The US 13th Marine Expeditionary Unit deployed in late February with the ScanEagle unmanned aircraft, marking the first time any MEU has taken the combat-proven UAS out to sea for an operational assignment.
The lightweight ScanEagle is based aboard the dock landing ship Comstock, part of the Boxer Amphibious Ready Group, and will support both the MEU, based at Camp Pendleton, California, and the Navy strike group it’s partnered with, said Navy Capt. Curtis Shaub, commodore and commander of Amphibious Squadron 1.
The deployment is expected to take Marines and sailors to the Western Pacific and Persian Gulf regions.
Developed by Insitu, Inc., a subsidiary of Boeing Co., ScanEagle has been used extensively since 2004 to support ground combat operations and other missions in Iraq and Afghanistan. At roughly 40 pounds, depending on its payload, it can operate at high or low altitudes for almost 24 hours per flight.
The aircraft must be launched from a large catapult. Marines and sailors can recover it on a ship’s flight deck by catching a hook affixed to the wing. When airborne, ScanEagle’s onboard sensors and electro-optic or infrared camera system can take and relay imagery to ships, other aircraft and ground stations. Navy units have operated the ScanEagle from ships before.
The 13th MEU took it to sea as part of an ongoing experiment to determine whether the UAS should be incorporated into the Marine air-ground task force’s regular inventory. Some see it as another potential arrow in the quiver, so to speak, that would expand capabilities when MEUs and their air combat elements and battalion landing teams train and operate from amphibious ships at sea.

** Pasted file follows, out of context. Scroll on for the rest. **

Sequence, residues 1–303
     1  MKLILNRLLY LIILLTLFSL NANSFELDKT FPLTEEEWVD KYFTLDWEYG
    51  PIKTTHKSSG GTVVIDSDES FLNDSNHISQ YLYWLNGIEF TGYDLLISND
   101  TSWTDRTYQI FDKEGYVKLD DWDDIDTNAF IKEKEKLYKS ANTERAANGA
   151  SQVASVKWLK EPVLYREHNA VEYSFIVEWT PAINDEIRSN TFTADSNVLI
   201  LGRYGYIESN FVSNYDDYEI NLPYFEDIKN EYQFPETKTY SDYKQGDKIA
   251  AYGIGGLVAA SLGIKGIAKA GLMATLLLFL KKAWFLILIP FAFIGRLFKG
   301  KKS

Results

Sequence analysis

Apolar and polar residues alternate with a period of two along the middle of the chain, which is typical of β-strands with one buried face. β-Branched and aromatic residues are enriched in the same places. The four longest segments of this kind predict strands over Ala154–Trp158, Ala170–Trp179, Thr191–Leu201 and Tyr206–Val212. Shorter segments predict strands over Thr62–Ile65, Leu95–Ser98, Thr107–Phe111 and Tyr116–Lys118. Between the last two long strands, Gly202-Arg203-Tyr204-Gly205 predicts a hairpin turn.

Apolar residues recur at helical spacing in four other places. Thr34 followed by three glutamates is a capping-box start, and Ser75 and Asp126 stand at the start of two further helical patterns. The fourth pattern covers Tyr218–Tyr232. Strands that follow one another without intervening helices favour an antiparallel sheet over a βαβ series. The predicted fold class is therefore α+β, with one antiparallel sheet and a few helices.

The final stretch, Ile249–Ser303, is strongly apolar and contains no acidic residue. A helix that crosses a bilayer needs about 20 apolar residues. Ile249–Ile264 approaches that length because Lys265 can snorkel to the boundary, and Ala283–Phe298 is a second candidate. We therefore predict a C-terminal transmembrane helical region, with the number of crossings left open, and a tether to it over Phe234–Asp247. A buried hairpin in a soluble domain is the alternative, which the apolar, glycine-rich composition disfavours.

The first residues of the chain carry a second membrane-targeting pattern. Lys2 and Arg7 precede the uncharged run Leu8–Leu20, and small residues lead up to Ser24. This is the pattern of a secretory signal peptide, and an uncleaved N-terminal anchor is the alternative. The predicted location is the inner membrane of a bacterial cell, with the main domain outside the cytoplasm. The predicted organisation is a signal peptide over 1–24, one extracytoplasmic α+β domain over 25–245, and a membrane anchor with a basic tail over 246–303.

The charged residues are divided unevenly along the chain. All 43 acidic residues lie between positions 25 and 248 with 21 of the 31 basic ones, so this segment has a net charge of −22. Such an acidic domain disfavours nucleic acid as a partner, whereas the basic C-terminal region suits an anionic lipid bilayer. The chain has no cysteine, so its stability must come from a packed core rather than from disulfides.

“That’s been a gap for the forward-deployed MEUs,” said Col. David Coffman, who commands the 13th MEU and was recently nominated for promotion to Brigadier General.
Coffman noted that his peers — colonels who command infantry and artillery regiments or Marine air groups — already have the option of using ScanEagle to broaden their unit’s intelligence, surveillance and reconnaissance capabilities. Within MEUs, the drone will be useful during maritime raids and other missions by providing “eyes in the sky” and relaying real-time information and imagery to commanders, he said.
“An organic (unmanned aircraft system) would allow us to gain or maintain contact,” Coffman said, speaking by telephone from the ARG’s flagship, the amphibious assault ship Boxer, an amphibious assault ship. The capability, he said, would “get MEUs in the game,” giving MEU commanders and their subordinate units a proven intel-gathering tool.
Coffman expects that eventually MEUs will be equipped with next-generation unmanned systems. However, there are some kinks that will need to be worked out. Marines deployed aboard the Comstock, for instance, don’t yet have the means to take and operate ScanEagle ashore. “It’s a suboptimal solution,” Coffman said, but during the MEU’s deployment “we are going to demonstrate the good of a sea-based UAS.”
Marines operated ScanEagle during several at-sea predeployment training exercises late last year, although the 13th MEU missed out on an additional week to train at sea in January when the Comstock remained at San Diego Naval Base for some maintenance work. “We are going to do training and will work on it all the way across the Pacific,” Coffman said.
A UAS technical team is aboard the ship to assess and work with the Marines as they operate ScanEagle. “We are working through how to fly it,” Coffman added. “It’s a pretty good step.”